The event facilitator did help them at the end of the day to surface learning from this about their teamwork. But as usual once they got back to the office, reality hit and mostly things went back to … “normal”, whatever that meant for them.

Robin wasn’t quite sure what was going on there. The only thing was a growing dread of further team building events.

The one with the kayaking was the best and only of its high quality kind. Robin found out from Brent that it was quite pricey and budgets didn’t really allow for another team building event of the same caliber.

So now Robin looked at the email from Brent again … another deep sigh escaped. Robin didn’t feel like this was worth interrupting the team’s focus for.

“If only we could get something more out of these team building events!”, Robin thought.

“How could it be different this time? That can’t be all there is to it. The team will be so mad. There’s enough pressure as it is.”

Robin wanted nothing more than the team becoming a dream team, finding its voice, gaining that cheerful vibe, hearing some banter alternating with periods of intense focus where the air almost crackles with the sparks of creativity. That dream became so elusive.

Are dream teams … unicorns??

“If I could only witness the team hitting its goals, celebrating, shipping a great product, rejoicing over great user feedback …”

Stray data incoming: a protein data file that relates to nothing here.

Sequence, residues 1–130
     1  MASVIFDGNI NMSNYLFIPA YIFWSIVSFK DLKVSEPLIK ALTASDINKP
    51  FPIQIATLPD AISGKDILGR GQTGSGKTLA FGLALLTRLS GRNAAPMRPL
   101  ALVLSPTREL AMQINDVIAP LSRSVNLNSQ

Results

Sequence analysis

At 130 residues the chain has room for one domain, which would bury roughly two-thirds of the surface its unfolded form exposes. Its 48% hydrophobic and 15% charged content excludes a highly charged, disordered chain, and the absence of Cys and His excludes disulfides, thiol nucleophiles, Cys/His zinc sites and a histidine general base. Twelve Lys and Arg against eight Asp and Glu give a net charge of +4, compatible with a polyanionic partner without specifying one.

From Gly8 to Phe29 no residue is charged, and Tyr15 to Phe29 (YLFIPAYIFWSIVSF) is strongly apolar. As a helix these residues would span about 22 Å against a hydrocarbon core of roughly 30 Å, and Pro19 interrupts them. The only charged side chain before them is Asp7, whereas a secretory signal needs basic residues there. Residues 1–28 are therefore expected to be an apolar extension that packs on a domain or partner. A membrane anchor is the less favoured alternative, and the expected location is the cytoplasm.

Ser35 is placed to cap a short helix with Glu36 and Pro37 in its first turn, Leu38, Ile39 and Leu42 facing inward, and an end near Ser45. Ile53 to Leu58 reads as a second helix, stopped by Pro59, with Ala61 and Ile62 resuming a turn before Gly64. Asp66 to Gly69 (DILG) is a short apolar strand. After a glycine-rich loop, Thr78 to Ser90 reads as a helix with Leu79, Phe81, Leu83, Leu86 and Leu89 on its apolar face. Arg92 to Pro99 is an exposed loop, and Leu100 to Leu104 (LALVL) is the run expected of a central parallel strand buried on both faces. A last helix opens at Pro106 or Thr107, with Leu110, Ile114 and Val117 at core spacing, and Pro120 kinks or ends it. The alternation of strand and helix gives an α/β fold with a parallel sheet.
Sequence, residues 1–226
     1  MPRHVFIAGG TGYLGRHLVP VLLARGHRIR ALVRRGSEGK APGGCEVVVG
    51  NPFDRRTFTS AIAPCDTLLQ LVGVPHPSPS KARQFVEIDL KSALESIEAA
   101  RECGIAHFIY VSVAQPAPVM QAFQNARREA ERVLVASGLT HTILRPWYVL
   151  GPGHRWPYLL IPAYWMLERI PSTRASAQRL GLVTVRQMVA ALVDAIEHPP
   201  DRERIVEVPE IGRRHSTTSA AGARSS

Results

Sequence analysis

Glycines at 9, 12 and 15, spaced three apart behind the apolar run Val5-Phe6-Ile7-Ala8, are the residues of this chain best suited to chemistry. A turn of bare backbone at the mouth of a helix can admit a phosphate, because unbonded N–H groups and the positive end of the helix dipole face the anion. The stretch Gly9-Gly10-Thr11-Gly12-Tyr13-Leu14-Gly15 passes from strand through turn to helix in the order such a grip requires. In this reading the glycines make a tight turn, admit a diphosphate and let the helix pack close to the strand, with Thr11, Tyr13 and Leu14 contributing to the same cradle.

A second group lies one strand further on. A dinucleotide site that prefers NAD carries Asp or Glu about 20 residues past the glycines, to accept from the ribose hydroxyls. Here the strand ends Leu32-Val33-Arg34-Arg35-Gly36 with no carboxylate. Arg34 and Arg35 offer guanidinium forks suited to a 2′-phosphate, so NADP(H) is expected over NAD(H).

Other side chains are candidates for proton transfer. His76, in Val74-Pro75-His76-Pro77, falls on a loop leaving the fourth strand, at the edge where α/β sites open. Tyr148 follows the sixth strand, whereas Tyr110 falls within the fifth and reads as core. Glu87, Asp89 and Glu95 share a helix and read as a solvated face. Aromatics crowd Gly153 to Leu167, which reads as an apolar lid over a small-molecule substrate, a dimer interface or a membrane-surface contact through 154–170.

Robin was prepared to do the work; prepared to learn how to support the team in reaching its potential, prepared to face the obstacles that would eventually come.

Robin went on the hunt and searched for a way, asking around in the department for “something different”. A colleague replied, “if you want something different, check this out …”, and pointed Robin to a webinar of mine.

It was the one about how a team can identify its team personality. (It was my first webinar and could have run smoother, but hey, continuous improvement and all.) …

“Team personality??? That sure is different.”, Robin thought.

Robin contacted me. It was only to ask about why team building didn’t seem to do the trick.

This happens to be my home zone. I’m a team-worker, team developer, team coach. (For more about my background check out my profile when you like.)

So what is up with team building? …

The issue with team building events is that they are rare and sporadic interventions, usually annually. In most cases there is no follow-up after the event.

They are not part of an ongoing attention and effort to develop the team. Team building can only realise its full potential if it is done in the context of team development. Otherwise it’s often little more than a nice day out, if that.

Team development is the process of supporting a team through its natural developmental stages. The team’s progress through these stages is also vastly accelerated through the practice of team development.

For an initial assessment of how well the team is set up for success, I offered Robin some information on the 60-30-10 rule; the three key aspects that account for 80% of team success.